Govt: Emergency Ordinances revoked, no voting necessary

Opposition MPs demand an explanation why revocation was not announced nor gazetted, and question whether the King’s consent had been obtained

by RAHIMI YUNUS / pic by BERNAMA

THE government announced yesterday that it has revoked all six laws that it introduced under the Emergency order that was declared to combat Covid-19.

The announcement by Law Minister Datuk Seri Takiyudin Hassan was made even as MPs clamoured for a debate and vote on the lifting of the Emergency order that was declared in January.

Takiyuddin said all six Emergency Ordinances (EOs) that were introduced under Article 150 (3) of the Federal Constitution were revoked at a Cabinet meeting on July 21 in answer to demands that Parliament annul the Emergency proclamation.

He also said the government will not advise the King to extend that Emergency when it lapses on Aug 1.

Under the Constitution, the King acts on the advice of the sitting prime minister (PM) on such matters.

Opposition MPs demanded the government to explain why any revocation of the Emergency period was not announced nor gazetted, and questioned whether the consent of the King had been obtained.

The announcement by Takiyuddin also headed off any voting in the House, and that was clearly the motive, they said.

MPs said the lifting of the Emergency in secret meant that any actions taken under the EOs after July 21 were also null.

Former PM Tun Dr Mahathir Mohamad told a press conference later that the government choosing to announce the lifting of the Emergency at a time when new infections at more than 17,000 cases was higher than when the Emergency was declared demonstrated that it was a political move to shore up the present government rather than as a way to handle Covid-19.

Opposition leader Datuk Seri Anwar Ibrahim said the announcement to lift the Emergency makes it look like the decision was made in night market style and an insult to the Malay Rulers.

PM Tan Sri Muhyiddin Yassin, who opened yesterday’s proceedings outlining the government’s plans to fight Covid-19, was not available to rebut the revelations and had instead delegated the customary duty to his finance minister — which was deemed by some lawmakers as an insult to the institution of Parliament.

Observers questioned the legality of lifting the Emergency by the Cabinet when it should follow procedures under the Constitution.

“This cannot be taken lightly because it could have a far-reaching repercussion. Was the King informed and consented to the decision? I think the revocation of the EOs must be properly done the same way the Emergency period came about, which was through the King or the Parliament.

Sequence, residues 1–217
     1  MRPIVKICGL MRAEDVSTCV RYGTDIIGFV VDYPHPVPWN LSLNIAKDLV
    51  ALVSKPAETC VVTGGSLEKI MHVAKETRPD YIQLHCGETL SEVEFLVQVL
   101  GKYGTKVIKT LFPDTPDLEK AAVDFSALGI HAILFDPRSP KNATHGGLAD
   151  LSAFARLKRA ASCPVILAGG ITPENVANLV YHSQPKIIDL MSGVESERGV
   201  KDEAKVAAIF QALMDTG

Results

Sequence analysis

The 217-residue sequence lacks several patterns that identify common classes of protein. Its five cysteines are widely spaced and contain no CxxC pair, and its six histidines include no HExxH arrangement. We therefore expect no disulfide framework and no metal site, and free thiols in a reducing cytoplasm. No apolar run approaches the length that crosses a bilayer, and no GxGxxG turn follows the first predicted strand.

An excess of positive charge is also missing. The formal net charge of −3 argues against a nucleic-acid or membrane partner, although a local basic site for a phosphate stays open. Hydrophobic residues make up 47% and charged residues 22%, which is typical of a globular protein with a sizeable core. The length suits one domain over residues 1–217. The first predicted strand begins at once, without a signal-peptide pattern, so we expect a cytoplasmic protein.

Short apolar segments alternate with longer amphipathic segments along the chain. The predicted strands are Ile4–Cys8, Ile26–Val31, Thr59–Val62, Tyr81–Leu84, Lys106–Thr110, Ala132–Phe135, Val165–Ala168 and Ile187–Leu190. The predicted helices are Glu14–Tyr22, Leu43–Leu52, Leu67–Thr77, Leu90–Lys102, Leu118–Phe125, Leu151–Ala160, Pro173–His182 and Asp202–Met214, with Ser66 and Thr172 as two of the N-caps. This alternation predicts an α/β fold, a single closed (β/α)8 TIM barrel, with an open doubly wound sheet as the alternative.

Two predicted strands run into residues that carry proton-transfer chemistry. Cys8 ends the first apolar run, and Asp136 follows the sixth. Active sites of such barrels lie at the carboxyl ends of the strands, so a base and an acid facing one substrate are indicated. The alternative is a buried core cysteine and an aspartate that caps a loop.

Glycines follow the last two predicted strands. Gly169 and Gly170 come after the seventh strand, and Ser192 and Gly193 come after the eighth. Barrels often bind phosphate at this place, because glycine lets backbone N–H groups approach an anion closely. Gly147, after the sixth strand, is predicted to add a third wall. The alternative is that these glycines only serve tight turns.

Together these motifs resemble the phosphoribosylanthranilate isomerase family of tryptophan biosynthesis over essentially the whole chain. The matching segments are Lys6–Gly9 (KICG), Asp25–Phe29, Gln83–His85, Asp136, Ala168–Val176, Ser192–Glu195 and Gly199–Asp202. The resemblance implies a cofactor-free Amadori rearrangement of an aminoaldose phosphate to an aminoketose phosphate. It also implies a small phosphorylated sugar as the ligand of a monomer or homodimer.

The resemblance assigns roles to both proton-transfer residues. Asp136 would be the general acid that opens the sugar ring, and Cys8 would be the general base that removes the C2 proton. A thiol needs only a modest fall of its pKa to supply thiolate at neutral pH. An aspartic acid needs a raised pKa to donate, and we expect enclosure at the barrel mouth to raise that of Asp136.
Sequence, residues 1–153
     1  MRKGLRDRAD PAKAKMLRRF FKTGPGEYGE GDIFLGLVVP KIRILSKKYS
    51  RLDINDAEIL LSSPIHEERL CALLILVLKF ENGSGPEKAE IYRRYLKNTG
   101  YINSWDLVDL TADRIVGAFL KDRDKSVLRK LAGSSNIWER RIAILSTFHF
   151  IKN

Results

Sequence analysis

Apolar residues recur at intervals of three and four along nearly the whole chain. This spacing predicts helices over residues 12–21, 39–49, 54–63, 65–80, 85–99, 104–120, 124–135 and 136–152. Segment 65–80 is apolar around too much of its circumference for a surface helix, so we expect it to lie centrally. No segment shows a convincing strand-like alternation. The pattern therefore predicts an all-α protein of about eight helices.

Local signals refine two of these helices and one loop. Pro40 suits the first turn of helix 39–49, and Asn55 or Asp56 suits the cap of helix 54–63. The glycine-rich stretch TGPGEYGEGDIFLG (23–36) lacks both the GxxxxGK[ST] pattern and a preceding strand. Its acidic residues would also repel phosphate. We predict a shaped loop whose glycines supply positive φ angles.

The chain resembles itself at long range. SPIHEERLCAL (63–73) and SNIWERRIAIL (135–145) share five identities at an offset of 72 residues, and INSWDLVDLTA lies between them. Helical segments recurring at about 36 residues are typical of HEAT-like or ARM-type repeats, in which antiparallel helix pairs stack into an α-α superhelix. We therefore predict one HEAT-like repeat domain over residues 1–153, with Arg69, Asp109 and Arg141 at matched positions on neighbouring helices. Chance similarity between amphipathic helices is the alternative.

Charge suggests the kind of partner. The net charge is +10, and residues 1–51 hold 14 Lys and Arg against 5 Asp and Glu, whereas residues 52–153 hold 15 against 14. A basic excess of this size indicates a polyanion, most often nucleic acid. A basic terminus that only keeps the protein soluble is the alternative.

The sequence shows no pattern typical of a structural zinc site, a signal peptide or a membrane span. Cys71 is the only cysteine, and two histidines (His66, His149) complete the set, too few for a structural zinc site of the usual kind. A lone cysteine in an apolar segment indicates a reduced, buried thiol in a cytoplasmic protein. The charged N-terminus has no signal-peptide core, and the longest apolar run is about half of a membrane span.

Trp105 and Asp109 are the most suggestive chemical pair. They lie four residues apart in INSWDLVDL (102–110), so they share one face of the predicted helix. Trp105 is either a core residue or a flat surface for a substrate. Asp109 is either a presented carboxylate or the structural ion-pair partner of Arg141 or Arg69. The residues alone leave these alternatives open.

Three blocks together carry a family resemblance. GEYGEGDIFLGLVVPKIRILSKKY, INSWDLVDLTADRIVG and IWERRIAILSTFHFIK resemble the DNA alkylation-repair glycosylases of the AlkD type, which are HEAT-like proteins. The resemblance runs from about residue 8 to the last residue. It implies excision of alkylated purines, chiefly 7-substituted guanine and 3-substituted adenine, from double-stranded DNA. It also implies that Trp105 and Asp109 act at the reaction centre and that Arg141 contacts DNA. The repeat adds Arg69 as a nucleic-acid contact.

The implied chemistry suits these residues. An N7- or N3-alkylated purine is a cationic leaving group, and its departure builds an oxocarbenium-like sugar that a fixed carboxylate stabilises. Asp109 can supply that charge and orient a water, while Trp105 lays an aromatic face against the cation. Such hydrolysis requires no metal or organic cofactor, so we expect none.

“They cannot treat this matter according to their whims and fancies. This has been done overboard,” a senior fellow at the National Council of Professors, Dr Jeniri Amir, told The Malaysian Reserve (TMR).

With the government’s action, he said the people could not avoid from seeing the move as a tactic to prevent any voting in the Parliament that could ultimately prove that the Muhyiddin and his administration has lost the majority support.

“I think we have big questions here and why did this thing happen in such a ‘secret’ manner?”

Universiti Teknologi Malaysia senior lecturer (political study) Dr Mazlan Ali said the move created confusion to all stakeholders on why the Emergency powers had been rescinded earlier than Aug 1.

“I am not sure if it was a tactic, but lawmakers are shocked. This creates quite a negative view of the government. Many did not see it coming,” Mazlan told TMR.

Meanwhile, Umno information chief Shahril Sufian Hamdan said the government must explain why the revocation of the six EOs was not announced when it happened.

“For five days, the rakyat were not told of the laws and systems of the country. What about the legitimacy of legal actions taken such as compounds, fines and other administrative matters that were done over the past five days where the assumption was that the EOs were still in effect?”

In a statement yesterday, he asked the government to explain and also queried: “Is this a way to avoid debate?”

In January, Muhyiddin assured the nation that the Emergency powers declared by the King would be used only to combat the Covid-19 pandemic and that the civilian government will continue to function.

That was when the daily Covid-19 cases were in the range of 3,000 cases.

But almost eight months have passed by and the daily cases have surged, not declined, to as high as 17,045 cases.

The government has laid out a National Recovery Plan. It will be forming a National Recovery Council (NRC) to execute the country’s exit plan from the Covid-19 pandemic.

Parti Pejuang Tanah Air’s Dr Mahathir said the government’s version of the NRC is still a political entity comprising politicians, instead of an independent body that would tackle the crisis brought on by the pandemic.